But Stern and the league's 29 other owners - 28 of them rich white guys, and the other the proudly apolitical Michael Jordan - live in an NBA-centric world where they either knew or should have known about these incredibly disturbing Sterling quotes long before this past weekend.
In 1983, a drunken Sterling met prospective coach Rollie Massimino at LAX and asked him: "I wanna know why you think you can coach these niggers?"
In 2002, one of his property supervisors swore under oath in a housing discrimination suit that Sterling said: "That's because of all the blacks in this building, they smell, they're not clean." That same suit yielded other Sterling gems: "And it's because of all of the Mexicans that just sit around and smoke and drink all day"... ."I don't like Mexican men because they smoke, drink and just hang around the house"... ."Is she one of those black people that stink?...Just evict the bitch."
In 1988, with Stern reportedly in the room while negotiating with top draft pick Danny Manning, Sterling said: "I'm offering a lot of money for a poor black kid."
As far as women, in a pre-trial deposition Sterling said he wanted women who will "let me put it in... or suck on it." Later he made his attitudes even clearer: "When you pay a woman for sex, you are not together with her. You're paying her for a few moments to use her body for sex. Is it clear? Is it clear?"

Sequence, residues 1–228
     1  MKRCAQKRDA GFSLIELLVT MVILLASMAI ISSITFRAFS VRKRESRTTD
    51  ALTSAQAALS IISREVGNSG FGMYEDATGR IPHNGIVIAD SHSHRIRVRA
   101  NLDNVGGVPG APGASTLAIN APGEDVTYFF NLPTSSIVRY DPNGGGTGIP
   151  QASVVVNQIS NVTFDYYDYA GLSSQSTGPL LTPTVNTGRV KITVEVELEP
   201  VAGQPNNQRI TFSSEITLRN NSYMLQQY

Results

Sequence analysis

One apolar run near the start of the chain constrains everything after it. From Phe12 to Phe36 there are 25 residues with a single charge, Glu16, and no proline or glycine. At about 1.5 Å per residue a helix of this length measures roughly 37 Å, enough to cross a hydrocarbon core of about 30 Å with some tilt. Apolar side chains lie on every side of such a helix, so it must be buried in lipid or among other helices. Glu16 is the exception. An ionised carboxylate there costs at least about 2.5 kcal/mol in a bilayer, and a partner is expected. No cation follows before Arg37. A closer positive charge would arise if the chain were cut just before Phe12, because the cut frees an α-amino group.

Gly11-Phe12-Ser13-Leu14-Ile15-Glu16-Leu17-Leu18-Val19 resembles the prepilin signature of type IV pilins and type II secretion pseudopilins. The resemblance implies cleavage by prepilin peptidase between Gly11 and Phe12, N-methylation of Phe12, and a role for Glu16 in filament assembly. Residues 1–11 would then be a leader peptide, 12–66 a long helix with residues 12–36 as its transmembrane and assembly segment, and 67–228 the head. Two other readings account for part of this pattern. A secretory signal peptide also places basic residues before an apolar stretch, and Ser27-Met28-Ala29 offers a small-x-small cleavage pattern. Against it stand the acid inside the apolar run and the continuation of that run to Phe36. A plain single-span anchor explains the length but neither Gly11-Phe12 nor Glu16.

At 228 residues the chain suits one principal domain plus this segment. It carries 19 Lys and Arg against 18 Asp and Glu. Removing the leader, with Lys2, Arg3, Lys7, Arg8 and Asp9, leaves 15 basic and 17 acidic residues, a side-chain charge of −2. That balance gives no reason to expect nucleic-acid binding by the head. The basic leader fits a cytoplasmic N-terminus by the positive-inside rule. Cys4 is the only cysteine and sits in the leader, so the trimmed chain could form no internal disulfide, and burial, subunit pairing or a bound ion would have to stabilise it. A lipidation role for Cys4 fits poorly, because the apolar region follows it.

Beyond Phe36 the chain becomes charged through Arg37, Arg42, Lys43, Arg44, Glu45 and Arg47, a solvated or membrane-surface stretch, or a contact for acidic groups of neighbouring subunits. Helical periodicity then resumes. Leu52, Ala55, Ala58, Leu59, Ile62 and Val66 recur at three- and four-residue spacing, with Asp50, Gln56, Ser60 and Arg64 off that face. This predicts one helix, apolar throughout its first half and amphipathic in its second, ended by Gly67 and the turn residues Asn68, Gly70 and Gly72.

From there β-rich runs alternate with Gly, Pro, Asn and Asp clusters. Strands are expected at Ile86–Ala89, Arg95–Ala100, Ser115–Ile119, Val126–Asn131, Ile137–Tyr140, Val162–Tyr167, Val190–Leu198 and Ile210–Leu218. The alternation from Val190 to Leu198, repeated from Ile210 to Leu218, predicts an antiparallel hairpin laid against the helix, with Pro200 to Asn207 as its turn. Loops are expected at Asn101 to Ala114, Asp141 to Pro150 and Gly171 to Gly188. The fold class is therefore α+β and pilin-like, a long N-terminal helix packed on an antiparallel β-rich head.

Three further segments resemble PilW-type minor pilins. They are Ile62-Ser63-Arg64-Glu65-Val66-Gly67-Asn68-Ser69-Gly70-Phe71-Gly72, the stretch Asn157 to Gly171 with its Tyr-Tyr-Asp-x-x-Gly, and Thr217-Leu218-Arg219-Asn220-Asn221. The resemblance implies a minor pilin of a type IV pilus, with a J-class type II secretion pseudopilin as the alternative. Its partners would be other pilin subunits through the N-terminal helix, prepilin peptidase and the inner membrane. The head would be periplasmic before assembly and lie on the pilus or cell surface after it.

So why did his fellow owners never make a move to expel Sterling from their exclusive club? First, he was so incompetent they enjoyed having a patsy in Los Angeles where they could expect to win a game after the traditional loss to the powerful Lakers.
And second, a lot of these guys have their own dark sides and didn't want to set a precedent that could later be used to remove them should they become embroiled in some kind of off-court scandal. The general feeling was: If something has to be done, leave it to Stern to take care of the Sterling problem. Instead Stern went out of his way in an unprecedented use of his broad power to screw the Lakers and help the Clippers.
Now Silver has to clean up the Sterling mess that Stern left behind. And good luck with that: Not only is Sterling racist and misogynistic, he's also eccentric and head-strong in the way that only old rich guys can be. Under its by-laws, the league can't force Sterling to sell the team. So Silver has to hope that pressure from fans, media and defecting sponsors will convince Sterling to take his huge profit - he paid $12.5 million and the team is now valued at $575 million by Forbes Magazine, but he could get more than $1 billion if he holds an open auction - and laugh all the way to the bank.
In his Sunday press conference, Silver was asked why, given his racist history, Sterling had never been sanctioned. Silver gave a non-answer answer: "I am not here to talk about the past."
Now, finally, the NBA will be forced to talk about the past, no matter how recent it may be.